WHAT IS AGNOLOTTI?
This little known cut is a circle of pasta folded in half with stuffing inside. Named after the chef who invented it, agnolotti is often served with butter and cheese (the custom with many pastas from that region). It is in the dumpling family of pasta so popular in the north. Ravioli in general is considered a Ligurian invention. However this cut would be the Piedmont equivalent.
WHERE IS AGNOLOTTI MADE?
They are made in Piedmont, the northwestern region of Italy bordering France and Switzerland. It is the alpine terroir of mushrooms, truffles and wine. This is Willy Wonka’s wonderland for adults. Futhermore a decade ago tourists were raving that they’d discovered the new food capital of Italy. And a decade from now their children will as well. This is an area of enduring culinary classics like Bagna Cauda (olive oil, anchovy and garlic fondue), Alba white truffles, and Finanziera (sweetbread stew). Pair some of these dishes with the native Barolos or Barberas and you’ll understand why food magazines keep re-discovering this place.
AGNOLOTTI’S HOME YIELDS THE BEST WHITE TRUFFLES ON EARTH. OR DOES IT?
So there is no nice way to say this. Every once in a while it will “suddenly” become known that foods labeled as being from one country are actually from another. Honey is the most recent example. But there are many others that importers have watched happen for a decade before government officials in different countries “suddenly” discover the truth (aka a magazine article got enough traction to generate widespread interest). White truffles from Alba has long been one of those examples. Back when the Croatians thought they were just pungent potatoes, the Italians were quietly buying them up and and exporting them abroad. To read more about this the BBC has a good article here!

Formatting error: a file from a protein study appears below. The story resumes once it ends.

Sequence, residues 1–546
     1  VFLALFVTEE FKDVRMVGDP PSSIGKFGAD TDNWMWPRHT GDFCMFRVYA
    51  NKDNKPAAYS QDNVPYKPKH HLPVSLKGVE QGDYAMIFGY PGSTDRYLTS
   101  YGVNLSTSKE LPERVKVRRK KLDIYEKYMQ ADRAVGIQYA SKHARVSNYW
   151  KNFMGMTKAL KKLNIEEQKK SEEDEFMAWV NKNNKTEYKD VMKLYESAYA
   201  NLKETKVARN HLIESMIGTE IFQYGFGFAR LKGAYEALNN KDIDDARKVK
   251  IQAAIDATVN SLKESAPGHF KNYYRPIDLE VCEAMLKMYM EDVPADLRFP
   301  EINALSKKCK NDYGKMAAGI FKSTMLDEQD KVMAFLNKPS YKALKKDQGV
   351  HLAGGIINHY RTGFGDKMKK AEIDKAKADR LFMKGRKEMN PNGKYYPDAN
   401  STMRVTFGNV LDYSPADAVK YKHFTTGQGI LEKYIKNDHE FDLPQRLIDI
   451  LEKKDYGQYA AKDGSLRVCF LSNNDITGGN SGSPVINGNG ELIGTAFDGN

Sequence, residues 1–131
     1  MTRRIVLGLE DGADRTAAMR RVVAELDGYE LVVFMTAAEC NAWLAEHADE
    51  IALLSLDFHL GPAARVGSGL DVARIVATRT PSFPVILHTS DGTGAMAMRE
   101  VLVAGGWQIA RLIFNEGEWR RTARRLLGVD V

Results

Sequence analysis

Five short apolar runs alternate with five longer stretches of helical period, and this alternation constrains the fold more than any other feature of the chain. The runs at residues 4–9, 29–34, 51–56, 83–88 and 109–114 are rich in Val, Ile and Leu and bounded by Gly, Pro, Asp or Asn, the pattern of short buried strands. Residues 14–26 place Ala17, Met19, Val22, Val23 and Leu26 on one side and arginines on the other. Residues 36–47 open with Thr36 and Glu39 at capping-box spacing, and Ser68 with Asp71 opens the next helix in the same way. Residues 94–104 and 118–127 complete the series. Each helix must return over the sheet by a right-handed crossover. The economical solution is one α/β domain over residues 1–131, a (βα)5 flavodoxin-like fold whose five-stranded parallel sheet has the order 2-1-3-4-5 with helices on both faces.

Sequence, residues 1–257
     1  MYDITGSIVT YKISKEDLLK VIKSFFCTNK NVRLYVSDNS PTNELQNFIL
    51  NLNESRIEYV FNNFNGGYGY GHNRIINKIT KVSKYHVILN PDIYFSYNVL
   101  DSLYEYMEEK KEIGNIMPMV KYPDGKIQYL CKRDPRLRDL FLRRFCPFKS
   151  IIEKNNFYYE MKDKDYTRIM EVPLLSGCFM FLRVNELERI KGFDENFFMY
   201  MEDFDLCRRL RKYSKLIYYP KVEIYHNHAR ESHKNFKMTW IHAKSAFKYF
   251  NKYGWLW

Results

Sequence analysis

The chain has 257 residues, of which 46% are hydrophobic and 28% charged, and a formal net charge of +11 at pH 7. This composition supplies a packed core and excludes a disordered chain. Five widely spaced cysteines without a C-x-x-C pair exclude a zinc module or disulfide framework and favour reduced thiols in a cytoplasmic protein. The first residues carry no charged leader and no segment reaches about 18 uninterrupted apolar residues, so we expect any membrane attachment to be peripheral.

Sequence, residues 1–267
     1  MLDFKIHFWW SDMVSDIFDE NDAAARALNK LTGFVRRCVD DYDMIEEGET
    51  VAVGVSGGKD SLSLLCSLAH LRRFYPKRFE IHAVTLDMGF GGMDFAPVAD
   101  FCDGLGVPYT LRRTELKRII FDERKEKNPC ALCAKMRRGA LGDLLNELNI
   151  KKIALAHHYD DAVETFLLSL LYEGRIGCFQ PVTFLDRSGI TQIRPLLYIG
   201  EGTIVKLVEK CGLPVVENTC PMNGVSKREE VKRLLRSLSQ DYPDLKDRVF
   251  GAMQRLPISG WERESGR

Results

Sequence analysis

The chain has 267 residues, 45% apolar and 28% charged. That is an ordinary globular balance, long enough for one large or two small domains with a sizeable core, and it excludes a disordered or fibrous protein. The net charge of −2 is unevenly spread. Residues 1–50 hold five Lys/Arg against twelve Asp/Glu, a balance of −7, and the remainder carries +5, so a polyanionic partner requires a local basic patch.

WHAT SAUCES GO WELL WITH THIS PASTA?
Similar to mezzelune, the sauces that work best take into account that you’re working in a boiled or fried medium. However if truffles are a part of the dish, don’t work with anything else that is too overpowering. Otherwise you’ll end up masking the most expensive and delicious ingredient on the plate! And if you’d like to see one of our recipes using agnolotti check out our Grana Padano sauce recipe!